More on Gates

In our previous installment, I wrote about meeting up with Newsweek editor and author David Gates. During his conversation with the NYU writing students (the occasion of our meeting), he counseled them against coincidence in fiction. “We all know that this stuff happens in real life–people get hit by cars, tsunamis devastate villages–but in fiction, if an action just happens out of the blue, it feels like the author’s just inflicting it on the character. If a car crashes, it should somehow be the result of decisions, actions or inactions of the characters.” Pretty Aristotelian, and the kids seemed to get what he was about.

As we were wrapping up the class, I thought I’d ask Gates about a story relating to his second novel, Preston Falls. Just like with M. Swann, Gates pushed his glasses up and rubbed his eyes and the bridge of his nose for a moment.

“What happened is, my editor and I had gone back and forth over the manuscript of the novel. We’d found a bunch of sections that needed to be reworked, and had written all over the thing. In fact, I didn’t like the ending and wrote a brand-new one. When we finished, his office shipped the manuscript off to the typesetter, out in Pennsylvania.

“Then the [shipping company’s] truck it was on crashed, burst into flames, and all the contents were destroyed. And, as it turned out, my editor’s secretary had forgotten to Xerox the pages before sending them out.”

The classroom gasped. Gates did the thing with the glasses again.

“Yeah, I actually had fantasies about driving out to Pennsylvania and sifting through the ashes, trying to find remnants of the manuscript, so we could reconstruct it,” he said.

“I couldn’t really tell you how Preston Falls ends, in its published form.”

I chipped in, “And remember, kids: Don’t introduce bizarre accidents or coincidences into your fiction!” They headed off for spring break.

As I mentioned, we went out for drinks after. I had Gates inscribe a copy of Jernigan for a friend of mine (“With unironic best wishes”). On the way back to my car, I stopped at the Strand and picked up a replacement hardcover of the book, along with Cloud Atlas.

Last night, I opened up the replacement copy and noticed something funny: this book had previously belonged to a former friend of mine, an author whom I recently “disowned.” How’d I know this?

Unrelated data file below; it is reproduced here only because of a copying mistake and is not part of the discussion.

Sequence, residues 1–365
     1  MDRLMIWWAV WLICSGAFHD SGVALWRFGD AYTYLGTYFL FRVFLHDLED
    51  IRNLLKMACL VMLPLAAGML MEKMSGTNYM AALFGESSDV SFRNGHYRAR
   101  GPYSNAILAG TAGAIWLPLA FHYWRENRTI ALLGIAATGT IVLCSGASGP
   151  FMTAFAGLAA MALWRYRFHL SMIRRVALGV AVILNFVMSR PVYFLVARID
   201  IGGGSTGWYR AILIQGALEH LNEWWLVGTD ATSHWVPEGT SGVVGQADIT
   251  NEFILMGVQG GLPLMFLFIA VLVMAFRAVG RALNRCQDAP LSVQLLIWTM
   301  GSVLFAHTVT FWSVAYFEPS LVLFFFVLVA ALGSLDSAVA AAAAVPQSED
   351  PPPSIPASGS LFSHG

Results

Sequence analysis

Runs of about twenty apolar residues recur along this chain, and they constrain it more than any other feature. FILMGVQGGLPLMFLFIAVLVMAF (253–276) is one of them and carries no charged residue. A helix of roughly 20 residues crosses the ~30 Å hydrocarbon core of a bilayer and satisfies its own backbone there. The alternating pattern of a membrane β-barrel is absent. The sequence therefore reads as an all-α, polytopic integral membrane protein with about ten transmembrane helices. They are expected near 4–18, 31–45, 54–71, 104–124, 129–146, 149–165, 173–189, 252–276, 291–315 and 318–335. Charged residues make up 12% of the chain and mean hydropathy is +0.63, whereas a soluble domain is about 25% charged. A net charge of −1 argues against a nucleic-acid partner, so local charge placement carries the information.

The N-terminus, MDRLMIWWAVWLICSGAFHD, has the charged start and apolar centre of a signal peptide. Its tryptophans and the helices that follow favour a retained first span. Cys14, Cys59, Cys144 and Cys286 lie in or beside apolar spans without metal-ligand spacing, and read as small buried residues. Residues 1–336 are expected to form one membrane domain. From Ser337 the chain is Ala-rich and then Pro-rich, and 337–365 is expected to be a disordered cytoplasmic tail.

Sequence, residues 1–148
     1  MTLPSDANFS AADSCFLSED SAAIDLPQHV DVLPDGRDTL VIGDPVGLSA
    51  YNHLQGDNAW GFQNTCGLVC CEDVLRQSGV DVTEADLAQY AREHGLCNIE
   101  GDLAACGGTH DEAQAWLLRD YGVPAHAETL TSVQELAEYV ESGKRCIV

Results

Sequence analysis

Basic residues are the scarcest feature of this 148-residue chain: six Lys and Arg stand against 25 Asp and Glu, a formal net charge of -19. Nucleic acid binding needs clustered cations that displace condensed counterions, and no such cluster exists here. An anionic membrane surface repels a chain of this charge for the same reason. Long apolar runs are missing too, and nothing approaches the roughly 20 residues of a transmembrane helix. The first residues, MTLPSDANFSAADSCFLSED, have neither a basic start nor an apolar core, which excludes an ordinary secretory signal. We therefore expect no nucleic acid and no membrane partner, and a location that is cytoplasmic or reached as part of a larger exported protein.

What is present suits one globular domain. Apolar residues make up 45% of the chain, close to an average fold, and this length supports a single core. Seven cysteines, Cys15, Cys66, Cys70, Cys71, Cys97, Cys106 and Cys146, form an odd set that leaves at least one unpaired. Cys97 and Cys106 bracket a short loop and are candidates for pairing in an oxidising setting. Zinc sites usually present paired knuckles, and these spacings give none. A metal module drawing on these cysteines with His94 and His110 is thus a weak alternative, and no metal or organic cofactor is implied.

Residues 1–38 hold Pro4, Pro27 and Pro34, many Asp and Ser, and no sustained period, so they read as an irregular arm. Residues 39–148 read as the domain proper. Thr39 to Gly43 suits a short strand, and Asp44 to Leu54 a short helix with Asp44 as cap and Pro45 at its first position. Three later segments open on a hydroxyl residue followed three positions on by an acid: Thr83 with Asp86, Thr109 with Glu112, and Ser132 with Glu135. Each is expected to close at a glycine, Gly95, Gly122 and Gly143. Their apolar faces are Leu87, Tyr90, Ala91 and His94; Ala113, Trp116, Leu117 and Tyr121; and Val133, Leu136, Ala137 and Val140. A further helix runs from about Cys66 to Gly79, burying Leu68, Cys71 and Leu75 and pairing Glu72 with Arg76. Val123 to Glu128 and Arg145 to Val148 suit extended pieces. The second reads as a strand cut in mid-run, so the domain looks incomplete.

Well, his handwritten comments on the pages were one clue; his scrawl is pretty distinctive. The other clue was the part that read,

“Goshdarn, Gil is so afraid of life, like this Jernigan character. He has to erect a partition of humor between him and everything that might damage him, a humor glove, so he never actually comes in contact with anything.”

So remember, kids: Don’t introduce bizarre accidents or coincidences into your fiction!

Oh, and don’t write your thoughts about your friends on the back pages of novels they like and then sell those novels to bookstores that those friends might frequent.

3 Replies to “More on Gates”

  1. The Virtual Memories page is gorgeous. You will
    probably be able to select the best of of VM and
    put-together a Ron Rosenberg type book.

    And the Gate’s story is easily one of the

    But I don’t have a problem with having unloaded the
    book (I read it, didn’t like it, and moved to Turkey
    without room for a library in my suitcase).

    While I don’t remember writing what is on the back, I
    think it is appropos the way it came to you: you never
    allowed me to speak to you seriously, honestly,
    or–least of all–critcially (partitions). Notice also, goshdarn, there is no malice, it is only an observation.

    The come-uppance is yours, not mine.


    PS — One other thing I forgot to mention in the list of factors which landed crates of books in the Strand: I dumped a lot of stuff you gave me after your lesson in the use of invectives; what sentimental value did you expect me to attach to it after what you wrote to me? You really are, at times, rather cyclopean in your point of view. And much too smug.


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